Equalization of WCL vaccines

WCL was prepared by five freeze‐thaw cycles of liquid nitrogen followed by 10 min at 37 °C. The amount of WCL used was normalized by the amount of Na + /K + ‐ATPase protein, a characteristic membrane protein, compared with AMCNPs as determined by dot blotting (anti-ATP1A1 rabbit antibody, GenScript Biotech, Piscataway, NJ). Equivalent concentrations of CpG ODN 1826 (Integrated DNA Technologies, Coralville, IA) was added compared to AMCNP-encapsulated CpG.

Dendritic cell maturation

For in vitro experiments, 1.5 × 106 bone marrow-derived dendritic cells (BMDCs) were plated into 12-well suspension plates in BMDC growth media. Cells were pulsed for 2 h at a concentration of 1.4 mg/ml with C1498-OVA AMCNPs, equivalent C1498-OVA WCL vaccine, or equivalent CpG plus 1 μg/ml OVA SIINFEKL peptide (InvivoGen, San Diego, CA), then washed twice with fresh media. After 48 h of additional culture, cells were then collected in PBS with 1 mM EDTA and washed twice in PBS with 1% bovine serum albumin (Thermo Fisher Scientific). Cells were stained as indicated (Supplementary Table 1). For in vivo experiments, 50 µL of 25 mg/ml of AMCNPs, equivalent WCL vaccine, or mock treatment, were inoculated subcutaneously into each hock [36] of 8–12-week-old C57BL/6J mice (The Jackson Laboratory, Bar Harbor, ME). After 24 h, the popliteal lymph nodes of the mice were collected and manually dissociated in 500 µl dissociation buffer [Dulbecco’s PBS with calcium and magnesium (Gibco, Waltham, MA), 1 mg/ml collagenase D (Roche, Basel, Switzerland), and 1 mg/ml DNase I grade II (Roche)]. Cells were stained as indicated (Supplementary Table 1).

B3Z OVA presentation assays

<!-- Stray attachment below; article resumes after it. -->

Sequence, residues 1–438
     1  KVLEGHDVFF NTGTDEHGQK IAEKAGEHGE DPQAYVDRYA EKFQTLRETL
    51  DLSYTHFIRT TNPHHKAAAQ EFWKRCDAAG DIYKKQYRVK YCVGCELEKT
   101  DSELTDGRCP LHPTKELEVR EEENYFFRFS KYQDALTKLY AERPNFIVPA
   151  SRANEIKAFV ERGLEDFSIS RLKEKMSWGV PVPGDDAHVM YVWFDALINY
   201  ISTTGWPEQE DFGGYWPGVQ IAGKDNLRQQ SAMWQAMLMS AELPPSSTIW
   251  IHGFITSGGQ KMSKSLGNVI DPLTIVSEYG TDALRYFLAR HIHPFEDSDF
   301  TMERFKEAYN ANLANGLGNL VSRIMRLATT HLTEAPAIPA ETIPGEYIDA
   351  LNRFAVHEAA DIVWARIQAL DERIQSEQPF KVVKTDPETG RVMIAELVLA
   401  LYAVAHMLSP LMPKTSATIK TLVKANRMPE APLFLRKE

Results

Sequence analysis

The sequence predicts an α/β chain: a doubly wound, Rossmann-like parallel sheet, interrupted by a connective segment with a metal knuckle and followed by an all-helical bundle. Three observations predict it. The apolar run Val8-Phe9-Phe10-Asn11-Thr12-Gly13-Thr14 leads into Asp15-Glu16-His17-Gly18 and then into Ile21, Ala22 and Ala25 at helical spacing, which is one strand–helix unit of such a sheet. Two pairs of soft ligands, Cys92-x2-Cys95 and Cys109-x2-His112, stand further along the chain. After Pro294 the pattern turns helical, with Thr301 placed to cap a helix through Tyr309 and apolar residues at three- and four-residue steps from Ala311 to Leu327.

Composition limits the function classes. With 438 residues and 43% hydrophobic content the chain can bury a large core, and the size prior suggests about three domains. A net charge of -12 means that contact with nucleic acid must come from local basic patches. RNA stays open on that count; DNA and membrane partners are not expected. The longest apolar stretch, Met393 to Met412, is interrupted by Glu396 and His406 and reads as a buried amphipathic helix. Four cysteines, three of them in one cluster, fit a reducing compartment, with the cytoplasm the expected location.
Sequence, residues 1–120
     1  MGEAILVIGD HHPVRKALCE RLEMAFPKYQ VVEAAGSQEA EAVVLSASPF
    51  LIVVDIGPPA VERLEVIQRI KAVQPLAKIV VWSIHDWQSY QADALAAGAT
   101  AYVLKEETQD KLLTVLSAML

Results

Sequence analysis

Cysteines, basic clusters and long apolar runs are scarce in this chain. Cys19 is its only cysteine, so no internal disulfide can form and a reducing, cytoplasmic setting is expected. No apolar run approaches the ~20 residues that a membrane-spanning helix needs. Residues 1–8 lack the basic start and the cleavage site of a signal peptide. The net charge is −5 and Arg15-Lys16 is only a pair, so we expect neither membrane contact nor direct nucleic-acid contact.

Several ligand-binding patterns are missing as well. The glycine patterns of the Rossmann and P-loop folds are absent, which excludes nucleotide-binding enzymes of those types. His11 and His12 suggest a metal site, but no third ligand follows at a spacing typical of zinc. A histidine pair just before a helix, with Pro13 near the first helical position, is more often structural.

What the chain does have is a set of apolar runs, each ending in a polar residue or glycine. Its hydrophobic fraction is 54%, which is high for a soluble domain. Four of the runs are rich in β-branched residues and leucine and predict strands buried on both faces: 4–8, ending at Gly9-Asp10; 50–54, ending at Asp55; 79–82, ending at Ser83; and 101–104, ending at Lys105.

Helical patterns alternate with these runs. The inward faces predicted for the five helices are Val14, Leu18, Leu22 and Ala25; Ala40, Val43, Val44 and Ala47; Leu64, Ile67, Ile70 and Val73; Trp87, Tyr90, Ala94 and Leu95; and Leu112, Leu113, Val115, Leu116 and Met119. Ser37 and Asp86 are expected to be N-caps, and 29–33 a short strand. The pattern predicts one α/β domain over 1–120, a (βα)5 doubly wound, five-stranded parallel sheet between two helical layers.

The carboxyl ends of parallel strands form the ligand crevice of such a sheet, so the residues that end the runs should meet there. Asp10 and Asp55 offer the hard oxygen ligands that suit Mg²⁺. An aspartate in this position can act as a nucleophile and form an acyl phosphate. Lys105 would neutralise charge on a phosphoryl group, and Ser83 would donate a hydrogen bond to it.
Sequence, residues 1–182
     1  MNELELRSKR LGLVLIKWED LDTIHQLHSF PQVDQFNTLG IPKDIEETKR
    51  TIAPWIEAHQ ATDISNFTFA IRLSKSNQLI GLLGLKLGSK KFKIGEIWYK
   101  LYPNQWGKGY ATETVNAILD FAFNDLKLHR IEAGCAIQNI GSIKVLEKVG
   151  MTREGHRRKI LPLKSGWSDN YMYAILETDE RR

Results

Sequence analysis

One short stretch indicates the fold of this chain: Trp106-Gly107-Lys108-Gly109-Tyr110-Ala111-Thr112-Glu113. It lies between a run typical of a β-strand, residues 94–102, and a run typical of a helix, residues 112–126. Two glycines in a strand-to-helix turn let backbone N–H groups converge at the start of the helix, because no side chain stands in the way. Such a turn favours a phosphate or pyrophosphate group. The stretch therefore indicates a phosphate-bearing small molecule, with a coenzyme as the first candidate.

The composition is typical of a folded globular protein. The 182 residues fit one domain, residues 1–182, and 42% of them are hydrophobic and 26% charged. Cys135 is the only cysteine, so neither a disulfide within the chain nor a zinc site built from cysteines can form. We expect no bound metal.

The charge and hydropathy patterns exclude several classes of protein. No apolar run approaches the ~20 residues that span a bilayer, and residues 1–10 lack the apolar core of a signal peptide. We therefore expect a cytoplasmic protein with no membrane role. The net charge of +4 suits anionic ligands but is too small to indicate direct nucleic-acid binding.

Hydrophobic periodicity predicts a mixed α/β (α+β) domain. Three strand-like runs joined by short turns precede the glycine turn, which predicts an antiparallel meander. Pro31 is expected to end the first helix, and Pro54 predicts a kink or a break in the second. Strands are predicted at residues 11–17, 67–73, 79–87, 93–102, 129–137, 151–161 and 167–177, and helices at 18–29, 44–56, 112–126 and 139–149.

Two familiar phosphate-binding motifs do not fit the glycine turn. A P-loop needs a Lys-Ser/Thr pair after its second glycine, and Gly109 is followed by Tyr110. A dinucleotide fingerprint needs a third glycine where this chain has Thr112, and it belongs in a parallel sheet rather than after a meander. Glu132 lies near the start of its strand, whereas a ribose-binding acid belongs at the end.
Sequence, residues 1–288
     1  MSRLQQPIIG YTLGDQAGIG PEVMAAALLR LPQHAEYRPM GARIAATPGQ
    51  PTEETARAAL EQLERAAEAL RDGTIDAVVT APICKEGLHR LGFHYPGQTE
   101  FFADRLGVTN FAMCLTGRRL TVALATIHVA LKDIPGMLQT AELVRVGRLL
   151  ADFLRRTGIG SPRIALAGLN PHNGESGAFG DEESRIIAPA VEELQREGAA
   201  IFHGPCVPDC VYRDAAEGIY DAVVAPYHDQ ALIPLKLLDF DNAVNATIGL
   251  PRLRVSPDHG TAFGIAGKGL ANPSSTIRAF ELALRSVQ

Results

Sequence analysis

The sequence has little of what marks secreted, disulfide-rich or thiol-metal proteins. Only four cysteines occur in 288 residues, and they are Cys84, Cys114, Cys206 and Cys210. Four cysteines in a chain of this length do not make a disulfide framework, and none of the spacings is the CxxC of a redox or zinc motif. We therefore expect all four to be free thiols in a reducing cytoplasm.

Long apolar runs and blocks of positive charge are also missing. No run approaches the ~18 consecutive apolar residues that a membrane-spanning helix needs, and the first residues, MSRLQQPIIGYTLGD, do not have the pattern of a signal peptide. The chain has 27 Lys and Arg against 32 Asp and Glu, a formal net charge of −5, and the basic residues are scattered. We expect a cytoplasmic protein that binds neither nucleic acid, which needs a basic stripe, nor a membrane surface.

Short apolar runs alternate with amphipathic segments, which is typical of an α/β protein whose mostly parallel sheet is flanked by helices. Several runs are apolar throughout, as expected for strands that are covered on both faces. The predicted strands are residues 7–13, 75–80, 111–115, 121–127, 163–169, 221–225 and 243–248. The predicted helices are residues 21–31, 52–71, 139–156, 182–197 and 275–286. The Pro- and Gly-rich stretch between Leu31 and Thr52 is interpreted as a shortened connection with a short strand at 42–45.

The B3Z CD8+ T cell hybridoma cell line is specific for OVA and expresses β-galactosidase under control of the IL-2 promoter [37]. For presentation assays, 1 × 104 C1498-MIP or C1498-OVA cells were co-incubated with either 5 × 104 (high) or 1 × 104 (low) B3Z cells for 16 h at 37 °C, 5% CO2. For cross-presentation assays, 1 × 104 DC2.4 cells or 5 × 104 BMDCs were seeded into each well of a 96-well plate overnight. Serial dilutions beginning with 20 µl per well of 50 mg/ml AMCNPs or equivalent WCL vaccine were added for up to 4 h at 37 °C, 5% CO2. The cells were washed twice with PBS, fixed in 100 µl of cold PBS + 1% formaldehyde (Thermo Fisher Scientific) for 5 min, and then washed three times with 37 °C RPMI. B3Z cells (5 × 103 per well) were incubated with the fixed APCs for 16 h at 37 °C, 5% CO2. Plates were washed twice with PBS, and 100 μl LacZ lysis buffer [0.13% NP-40, 9 mM MgCl2, 0.3 mM chlorophenol red-β-d-galactopyranoside (Roche) in PBS] was added for up to 4 h at 37 °C. Absorbance was measured at 570–650 nm.

Ex vivo T cell functional assay

8–12-week-old C57BL/6J mice (The Jackson Laboratory) were vaccinated with 50 μl of 25 mg/ml of AMCNPs or equivalent WCL vaccine subcutaneously via the hock on days 0, 2, and 4. On day 10, spleens were extracted and mechanically dissociated into single cell suspensions. Red blood cell lysis was performed by resuspending the cell mixture in ice cold ACK buffer (0.1 mM Na2EDTA, 10 mM KHCO3, 150 mM NH4Cl) for 5 min followed by washing with ice cold PBS and passage through a 40-μM cell strainer (Thermo Fisher Scientific). 5 × 106 splenocytes were then plated and cultured in six-well suspension plates in BMDC growth media with 20 ng/ml GM-CSF and 1 μg/ml of either OVA SIINFEKL (InvivoGen) or WT1 RMFPNAPYL (MBL international, Woburn, MA) peptide. After 5 or 7 days of ex vivo culture, respectively, the supernatant was collected and analyzed for interferon-γ (IFN-γ) using ELISA kits (Biolegend, San Diego, CA). At 7 days of ex vivo culture, the splenocytes were stained as indicated (Supplementary Table 1) and used for flow cytometry analysis.

AMCNP consolidation vaccination